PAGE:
PURPOSE: To determine if a high-intensity functional exercise program improves balance, gait ability, and lower-limb strength in older people dependent in activities of daily living (ADL), if an intake of protein-enriched energy supplement immediately after the exercises increases these effects of the training, and if the exercise program reduces falls. RELEVANCE: Impairments in physical functions among older people can lead to dramatic consequences for the individual such as admission to nursing home, falls and fractures. High-intensity exercise programs are effective to improve physical functions among older people but knowledge is limited concerning the effects for older people with severe cognitive or physical impairments. PARTICIPANTS: 191 older people dependent in ADL, living in residential care facilities, and with a Mini-Mental State Examination (MMSE) score of ≥ 10 participated in this study (the FOPANU Study). METHODS: The participants were randomized to a high-intensity functional weight-bearing exercise program (the HIFE Program) or a control activity, including 29 sessions over 3 months, as well as to protein-enriched energy supplement or placebo. Berg Balance Scale, usual and maximum gait speed, and one-repetition maximum in lower-limb strength were followed-up at 3 and 6 months by assessors blinded to group allocation. Fall rate and the proportion of participants sustaining a fall during the six months following the intervention were the outcome measures of the fall preventive effect of the exercise program. ANALYSIS: The intention-to-treat principle was used. Balance, gait ability, and lower-limb strength: 2 x 2 factorial ANCOVA. Falls: Negative binominal analysis and logistic regression analysis. RESULTS: At 3 months, the exercise group had improved significantly in usual gait speed compared with the control group (mean difference 0.04 m/s, P = 0.02). At 6 months, there were significant improvements favoring the exercise group for Berg Balance Scale (1.9 points, P = 0.05), usual gait speed (0.05 m/s, P = 0.009), and lower-limb strength (10.8 kg, P = 0.03). No interaction effects were seen between the exercise and nutrition interventions. When all participants were compared, no statistically significant differences between groups were found for fall rate (exercise group 3.6 falls per person years and control group 4.6 fall per person years) or the proportion of participants sustaining a fall (exercise 53% and control 51%). A subgroup interaction analysis revealed that among participants who improved their balance during the intervention period, the exercise group had a lower fall rate than the control group (exercise 2.7 falls per person years and control 5.9 falls per person years, incidence rate ratio 0.44, P = 0.03). CONCLUSIONS: A high-intensity functional exercise program has positive long-term effects in balance, gait ability, and lower-limb strength for older people who are dependent in ADL. An intake of protein-enriched energy supplement immediately after the exercises does not appear to increase these effects of the training. In addition, the high-intensity functional exercise program may have an effect in preventing falls among those who respond to the intervention. IMPLICATIONS: High-intensity functional exercise can be offered to improve physical functions among older people who are living in residential care facilities and have severe cognitive or physical impairments.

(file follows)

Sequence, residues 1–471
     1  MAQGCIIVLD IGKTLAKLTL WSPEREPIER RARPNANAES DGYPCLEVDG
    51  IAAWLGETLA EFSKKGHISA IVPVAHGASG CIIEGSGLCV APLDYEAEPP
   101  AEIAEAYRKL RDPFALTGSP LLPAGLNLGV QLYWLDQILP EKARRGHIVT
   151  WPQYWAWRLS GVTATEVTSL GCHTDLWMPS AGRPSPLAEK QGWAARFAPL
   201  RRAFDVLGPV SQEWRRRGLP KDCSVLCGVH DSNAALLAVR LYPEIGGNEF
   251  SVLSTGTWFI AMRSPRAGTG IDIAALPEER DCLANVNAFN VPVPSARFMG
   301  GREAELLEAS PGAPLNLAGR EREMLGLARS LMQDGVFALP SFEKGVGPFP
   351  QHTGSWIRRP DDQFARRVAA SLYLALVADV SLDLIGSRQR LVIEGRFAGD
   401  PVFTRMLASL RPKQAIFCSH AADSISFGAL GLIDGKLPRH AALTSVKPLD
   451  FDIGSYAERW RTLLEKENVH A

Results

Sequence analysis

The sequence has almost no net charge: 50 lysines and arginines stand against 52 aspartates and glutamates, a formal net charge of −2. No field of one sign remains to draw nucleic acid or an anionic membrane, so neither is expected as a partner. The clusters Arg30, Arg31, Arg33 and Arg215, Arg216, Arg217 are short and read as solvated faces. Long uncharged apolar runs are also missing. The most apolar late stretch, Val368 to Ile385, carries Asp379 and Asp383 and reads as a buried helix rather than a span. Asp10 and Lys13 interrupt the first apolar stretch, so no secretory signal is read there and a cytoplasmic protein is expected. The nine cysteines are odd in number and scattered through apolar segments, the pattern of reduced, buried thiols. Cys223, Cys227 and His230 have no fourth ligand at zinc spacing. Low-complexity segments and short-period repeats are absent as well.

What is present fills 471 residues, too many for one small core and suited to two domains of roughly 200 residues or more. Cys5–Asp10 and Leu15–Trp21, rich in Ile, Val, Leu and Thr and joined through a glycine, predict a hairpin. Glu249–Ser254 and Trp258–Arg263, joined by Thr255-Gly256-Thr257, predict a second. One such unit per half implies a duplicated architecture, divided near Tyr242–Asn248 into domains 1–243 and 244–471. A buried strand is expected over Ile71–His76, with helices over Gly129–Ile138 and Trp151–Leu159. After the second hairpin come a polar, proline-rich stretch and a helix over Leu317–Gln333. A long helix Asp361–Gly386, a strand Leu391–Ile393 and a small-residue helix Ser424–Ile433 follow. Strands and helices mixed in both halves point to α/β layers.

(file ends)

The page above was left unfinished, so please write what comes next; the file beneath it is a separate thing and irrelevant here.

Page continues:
National Category
Physiotherapy
Research subject
Physiotherapy
Identifiers
urn:nbn:se:ltu:diva-33150 (URN)7efef890-4395-11dd-bfd7-000ea68e967b (Local ID)7efef890-4395-11dd-bfd7-000ea68e967b (Archive number)7efef890-4395-11dd-bfd7-000ea68e967b (OAI)
Conference
Nordic Congress of Gerontology : Ageing, dignity and diversity 25/05/2008 - 28/05/2008
Note
Godkänd; 2008; Bibliografisk uppgift: Serie: Physiotherapy, 93, suppl. 1, 0031-9406 Sider: 73; 20080626 (eriros)Available from: 2016-09-30 Created: 2016-09-30 Last updated: 2017-11-25Bibliographically approved